Symbiotic associations with microbes can help plants to respond to environmental changes. In this study, we investigated how colonization by root endophytic fungi enhances performance of Chenopodium quinoa and its ability to cope with extended periods of drought. The fungus Penicillium minioluteum, which was isolated from quinoa naturally occurring in the Atacama Desert, was used for endophyte colonization. We developed a greenhouse experiment, subjecting endophyte-infected (E+) and endophyte-free (E−) plants to two treatments: water deficit and abundant water availability. Differences in plant performance, photosynthesis, water-use efficiency and photochemical efficiency between E+ and E− plants under both water treatments were examined. We assessed the nature of the plant–symbiont interaction (parasitic or mutualistic) under both treatment conditions. We found that P. minioluteum initially affected radicle growth, subsequently triggering improvements in root formation, with the latter particularly evident under drought conditions. Under low water, E+ plants demonstrated a 40% improvement in root formation relative to E− plants; however, physiological responses to drought were not demonstrably enhanced by the presence of endophytic fungi. The nature of the interaction appeared to be positive, but only under conditions of water stress. Our study demonstrates that, in C. quinoa, P. minioluteum assists in coping with water stress primarily by affecting substantial root biomass adjustments, and that host benefits in this relationship are conferred in conditions of stress only.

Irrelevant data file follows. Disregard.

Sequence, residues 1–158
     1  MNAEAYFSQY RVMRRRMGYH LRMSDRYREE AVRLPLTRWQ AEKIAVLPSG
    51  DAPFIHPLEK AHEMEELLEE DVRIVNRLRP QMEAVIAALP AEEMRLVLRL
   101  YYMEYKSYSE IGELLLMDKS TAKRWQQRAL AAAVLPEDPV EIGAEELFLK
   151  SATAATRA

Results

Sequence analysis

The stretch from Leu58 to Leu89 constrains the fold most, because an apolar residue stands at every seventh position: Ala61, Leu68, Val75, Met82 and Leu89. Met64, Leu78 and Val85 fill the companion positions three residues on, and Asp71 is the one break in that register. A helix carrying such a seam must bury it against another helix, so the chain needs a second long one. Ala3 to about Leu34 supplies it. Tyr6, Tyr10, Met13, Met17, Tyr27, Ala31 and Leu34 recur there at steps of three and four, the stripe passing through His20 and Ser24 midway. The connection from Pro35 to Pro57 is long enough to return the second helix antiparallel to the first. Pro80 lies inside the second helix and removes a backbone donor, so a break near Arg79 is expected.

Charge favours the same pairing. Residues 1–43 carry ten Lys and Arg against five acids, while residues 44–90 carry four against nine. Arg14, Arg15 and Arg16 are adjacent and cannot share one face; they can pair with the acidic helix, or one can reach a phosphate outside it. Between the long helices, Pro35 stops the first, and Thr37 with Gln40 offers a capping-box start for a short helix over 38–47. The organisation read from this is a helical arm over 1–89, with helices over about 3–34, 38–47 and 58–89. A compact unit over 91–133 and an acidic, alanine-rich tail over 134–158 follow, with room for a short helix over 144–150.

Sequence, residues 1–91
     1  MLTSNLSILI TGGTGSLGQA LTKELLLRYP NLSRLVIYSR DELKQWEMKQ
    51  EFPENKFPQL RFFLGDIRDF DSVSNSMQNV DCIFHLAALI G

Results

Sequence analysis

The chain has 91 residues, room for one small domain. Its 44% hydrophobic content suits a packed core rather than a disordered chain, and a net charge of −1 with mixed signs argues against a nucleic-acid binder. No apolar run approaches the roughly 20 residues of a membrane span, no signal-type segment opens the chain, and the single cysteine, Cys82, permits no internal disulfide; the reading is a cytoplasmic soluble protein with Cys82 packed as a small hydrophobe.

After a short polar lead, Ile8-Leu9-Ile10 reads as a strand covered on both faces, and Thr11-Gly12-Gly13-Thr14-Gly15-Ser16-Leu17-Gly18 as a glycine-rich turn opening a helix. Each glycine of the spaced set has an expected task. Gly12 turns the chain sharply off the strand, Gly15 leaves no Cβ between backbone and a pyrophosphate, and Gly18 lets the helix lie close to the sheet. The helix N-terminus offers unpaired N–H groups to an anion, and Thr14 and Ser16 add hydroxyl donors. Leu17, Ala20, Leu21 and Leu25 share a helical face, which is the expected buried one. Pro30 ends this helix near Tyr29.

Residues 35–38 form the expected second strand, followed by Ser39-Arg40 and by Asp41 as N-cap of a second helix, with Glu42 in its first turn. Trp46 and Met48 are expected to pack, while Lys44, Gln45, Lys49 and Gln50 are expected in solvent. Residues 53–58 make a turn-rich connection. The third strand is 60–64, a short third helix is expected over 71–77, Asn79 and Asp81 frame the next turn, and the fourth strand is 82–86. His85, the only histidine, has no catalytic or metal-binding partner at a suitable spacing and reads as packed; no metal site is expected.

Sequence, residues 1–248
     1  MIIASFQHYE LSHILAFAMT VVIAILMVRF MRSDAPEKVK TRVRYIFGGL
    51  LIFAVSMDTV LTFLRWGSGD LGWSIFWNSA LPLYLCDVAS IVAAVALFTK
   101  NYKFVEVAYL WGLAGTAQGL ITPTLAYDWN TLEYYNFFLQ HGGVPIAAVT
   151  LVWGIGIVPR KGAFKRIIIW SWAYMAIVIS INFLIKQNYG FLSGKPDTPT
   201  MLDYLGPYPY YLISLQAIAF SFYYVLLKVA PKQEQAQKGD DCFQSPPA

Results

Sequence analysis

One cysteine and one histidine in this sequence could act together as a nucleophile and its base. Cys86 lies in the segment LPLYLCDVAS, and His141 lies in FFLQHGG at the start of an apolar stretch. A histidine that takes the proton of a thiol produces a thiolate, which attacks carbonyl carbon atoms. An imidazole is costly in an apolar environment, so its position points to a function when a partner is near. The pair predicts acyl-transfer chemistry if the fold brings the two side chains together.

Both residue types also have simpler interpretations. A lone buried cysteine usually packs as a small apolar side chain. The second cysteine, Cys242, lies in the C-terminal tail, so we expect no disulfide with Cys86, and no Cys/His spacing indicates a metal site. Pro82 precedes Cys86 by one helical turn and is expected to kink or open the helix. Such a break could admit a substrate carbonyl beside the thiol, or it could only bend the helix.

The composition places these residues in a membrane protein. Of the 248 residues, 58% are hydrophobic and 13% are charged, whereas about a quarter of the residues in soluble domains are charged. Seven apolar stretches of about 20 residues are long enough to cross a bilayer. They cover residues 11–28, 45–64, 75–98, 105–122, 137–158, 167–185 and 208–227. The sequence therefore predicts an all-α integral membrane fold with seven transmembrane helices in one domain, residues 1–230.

Plant Ecology – Springer Journals
Published: Dec 28, 2017
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